Sandy Hook

Sandy Hook

Friday, September 25, 2009

Technology's Impact on Young Americans: Part I

Brain Rage's James B. Webb just published an article on a subject of particular interest to me, Technology's Effect on the Written Word. I have had increasing concern about the bastardization of our language as technology has evolved into a plethora of gadgets and communication systems. The question is no longer simply, "Do you Google?" It is, "Do you Twit?" Pun intended.

Webb, pondering over whether or not an age of illiteracy is at hand, offers up an interesting study by Stanford University professor of writing and rhetoric, Andrea Lunsford. "From 2001 to 2006, she collected 14,762 student writing samples—everything from in-class assignments, formal essays, and journal entries to emails, blog posts, and chat sessions."

I think we're in the midst of a literacy revolution the likes of which we haven't seen since Greek civilization," she says. Webb adds that for Lunsford, "technology isn't killing our ability to write. It's reviving it—and pushing our literacy in bold new directions.

The first thing she found is that young people today write far more than any generation before them. That's because so much socializing takes place online, and it almost always involves text. Of all the writing that the Sanford students did, a stunning 38 percent of it took place out of the classroom.

I would be presumptuous—and probably dead wrong—to dispute the overall findings of such a massive study. But I have concerns that are obviously beyond the scope of the study yet bear some scrutiny as they are related to this phenomenon. So, I sent a copy of Webb's article, without comment but asking for his, to Dr. Edward McShane, Chairman of the English Department at Fayetteville State University in North Carolina.

McShane responded: "Andrea Lunsford is a first rate composition scholar so I would respect her views; in fact, I think that she may be correct that students do write more out of class than they did years ago."

I do believe students communicate more; however I believe their style, syntax and vocabulary are stunted by the outrageous informality of email, twitter and so on. Their prose lacks elegance and precision but they can do a workmanlike job of getting their ideas across; something that earlier student writers might not have been able to do.

I concur with Lunsford's findings and with McShane's assessment. But I question the use of the term "literacy revolution," and wonder if it's viable in this case. McShane touches on a major concern of mine: is good English usage being sacrificed for the sake of quick communication.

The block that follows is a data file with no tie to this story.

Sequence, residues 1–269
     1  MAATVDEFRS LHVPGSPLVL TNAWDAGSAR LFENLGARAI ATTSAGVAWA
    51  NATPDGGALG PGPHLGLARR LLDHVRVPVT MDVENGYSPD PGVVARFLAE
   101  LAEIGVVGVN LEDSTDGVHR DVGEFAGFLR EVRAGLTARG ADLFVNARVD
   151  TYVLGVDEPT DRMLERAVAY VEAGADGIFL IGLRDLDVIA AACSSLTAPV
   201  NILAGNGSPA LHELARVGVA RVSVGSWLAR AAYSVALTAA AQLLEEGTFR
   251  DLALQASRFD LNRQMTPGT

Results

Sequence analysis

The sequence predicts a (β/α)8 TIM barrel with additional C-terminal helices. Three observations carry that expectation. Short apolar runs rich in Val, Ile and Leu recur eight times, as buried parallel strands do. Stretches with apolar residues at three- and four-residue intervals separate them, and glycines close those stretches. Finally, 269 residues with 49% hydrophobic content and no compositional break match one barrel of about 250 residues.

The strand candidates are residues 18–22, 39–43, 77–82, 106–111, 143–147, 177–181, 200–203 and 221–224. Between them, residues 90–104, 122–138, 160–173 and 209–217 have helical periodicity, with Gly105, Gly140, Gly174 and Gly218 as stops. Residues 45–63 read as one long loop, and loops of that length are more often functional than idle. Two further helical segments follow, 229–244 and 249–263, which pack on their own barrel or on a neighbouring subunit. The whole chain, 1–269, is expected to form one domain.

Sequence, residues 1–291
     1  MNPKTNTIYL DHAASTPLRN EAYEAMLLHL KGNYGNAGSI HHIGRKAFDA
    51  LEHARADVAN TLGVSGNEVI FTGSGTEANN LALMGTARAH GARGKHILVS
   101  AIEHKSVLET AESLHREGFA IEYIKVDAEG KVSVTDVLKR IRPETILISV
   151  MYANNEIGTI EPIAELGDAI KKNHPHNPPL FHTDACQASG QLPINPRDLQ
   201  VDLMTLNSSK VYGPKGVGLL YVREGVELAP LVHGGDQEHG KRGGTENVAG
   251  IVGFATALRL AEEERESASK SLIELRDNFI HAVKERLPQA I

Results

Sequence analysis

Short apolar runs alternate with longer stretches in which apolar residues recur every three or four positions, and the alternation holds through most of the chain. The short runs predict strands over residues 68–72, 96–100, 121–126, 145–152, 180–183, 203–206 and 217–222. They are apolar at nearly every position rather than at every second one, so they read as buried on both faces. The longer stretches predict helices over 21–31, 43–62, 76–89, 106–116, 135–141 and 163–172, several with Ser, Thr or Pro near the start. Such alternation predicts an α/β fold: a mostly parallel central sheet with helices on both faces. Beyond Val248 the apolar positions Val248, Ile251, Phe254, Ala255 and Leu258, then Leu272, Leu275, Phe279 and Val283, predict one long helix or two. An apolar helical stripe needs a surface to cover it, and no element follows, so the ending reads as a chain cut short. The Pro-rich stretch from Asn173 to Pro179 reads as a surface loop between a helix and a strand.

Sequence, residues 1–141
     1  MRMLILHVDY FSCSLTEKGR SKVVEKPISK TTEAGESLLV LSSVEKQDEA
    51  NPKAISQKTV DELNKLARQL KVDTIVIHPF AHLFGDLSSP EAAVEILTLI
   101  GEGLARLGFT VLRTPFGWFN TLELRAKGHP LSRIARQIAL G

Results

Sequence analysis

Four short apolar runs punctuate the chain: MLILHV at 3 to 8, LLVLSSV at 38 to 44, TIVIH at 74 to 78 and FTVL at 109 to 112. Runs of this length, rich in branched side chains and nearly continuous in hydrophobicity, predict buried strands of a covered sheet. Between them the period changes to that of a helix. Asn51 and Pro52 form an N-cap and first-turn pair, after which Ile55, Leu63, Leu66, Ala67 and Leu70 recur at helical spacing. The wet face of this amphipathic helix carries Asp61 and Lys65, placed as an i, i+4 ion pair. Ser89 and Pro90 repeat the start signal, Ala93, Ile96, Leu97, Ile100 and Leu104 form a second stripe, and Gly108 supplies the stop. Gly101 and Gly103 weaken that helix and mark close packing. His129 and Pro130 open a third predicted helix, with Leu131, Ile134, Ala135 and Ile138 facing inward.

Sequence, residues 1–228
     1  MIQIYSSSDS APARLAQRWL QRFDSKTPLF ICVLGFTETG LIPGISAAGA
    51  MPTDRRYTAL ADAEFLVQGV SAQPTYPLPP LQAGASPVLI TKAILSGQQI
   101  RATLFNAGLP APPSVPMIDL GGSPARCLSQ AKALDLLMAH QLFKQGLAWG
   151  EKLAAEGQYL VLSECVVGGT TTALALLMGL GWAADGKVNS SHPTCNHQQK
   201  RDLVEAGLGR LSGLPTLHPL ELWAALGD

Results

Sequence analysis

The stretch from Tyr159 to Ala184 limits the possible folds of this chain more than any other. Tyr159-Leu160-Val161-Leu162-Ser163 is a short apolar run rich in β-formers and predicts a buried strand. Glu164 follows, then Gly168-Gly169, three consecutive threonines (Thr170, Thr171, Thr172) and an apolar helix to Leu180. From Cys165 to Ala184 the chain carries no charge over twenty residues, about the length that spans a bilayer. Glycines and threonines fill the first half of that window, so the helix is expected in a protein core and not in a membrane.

According to Webster, literacy is "the quality or state of being literate." I simply don't see that literacy has much to do with going online or with social networking. Certainly blogs, essays and formal papers involve more serious writing and hopefully, some literacy, but social networks such as Twitter and Facebook are simply a means of communication. They have no literacy requirements beyond some basic codes. McShane, I think, is more accurate in saying that students "communicate" more than in the past.

Lunsford reasons that so many more young people are writing online because of the socializing aspects which involve text. I'm sure this is true but I just can't seem to wrap my brain around the idea that this so-called revolution will have any impact on literacy. In fact, I can almost guarantee that it will have a detrimental effect. I have seen an alarming increase in bad writing over the years just in emails alone. Maybe it's the company I keep.

I used to work with this twit who mangled the English language every time she opened her mouth. She had noodles for brains, and God forbid, wanted to be a teacher. I would watch in amazement, and some envy, as her flying fingers composed text messages. But I hate to think that this ignorant and illiterate girl represents the "literacy revolution.

If technology is "reviving our ability to write," which I seriously doubt, once written, is it intelligible? One only has to read the comments after online news articles to see that woefully few people can write a simple grammatical sentence. Maybe I'm being pedantic but I'd hate to see writing standards lowered to the point that "Meet u 2night @ 7 @ fav bar" is the norm.

Jonathon Swift twitters Alexander Pope:

Swift: "meet me @ pub @ 4. ???s re Rape of Lock."

Pope: "OK. Need to hit ur scat lingo in Gs Travels."

Swift: "Wats wrong w/ dirt?"

Pope: "Its smutty."

Swift: "& rape isnt?"


  1. I think that your point is valid as it relates to texting and Twittering Leslie but I also think that those forms of communication inhibit good English skills by their inherent limit on the number of characters that can be used. I rarely abbreviate my texts and I feel like an inefficient dinosaur as a result. Email and blogging on the other hand are much longer forms of communication and are probably what made up the bulk of the positive results in this study. Thanks for the link.

  2. Blogs seem to exhibit much better writing than emails. But having had a research business of my own for nearly ten years,I have seen a steady decline in acceptable writing skills.

    BTW, Part II is not going to be quite so optimistic. I'm having a hard time getting through the book. It's so dull and badly written I'm about to blow my brains out!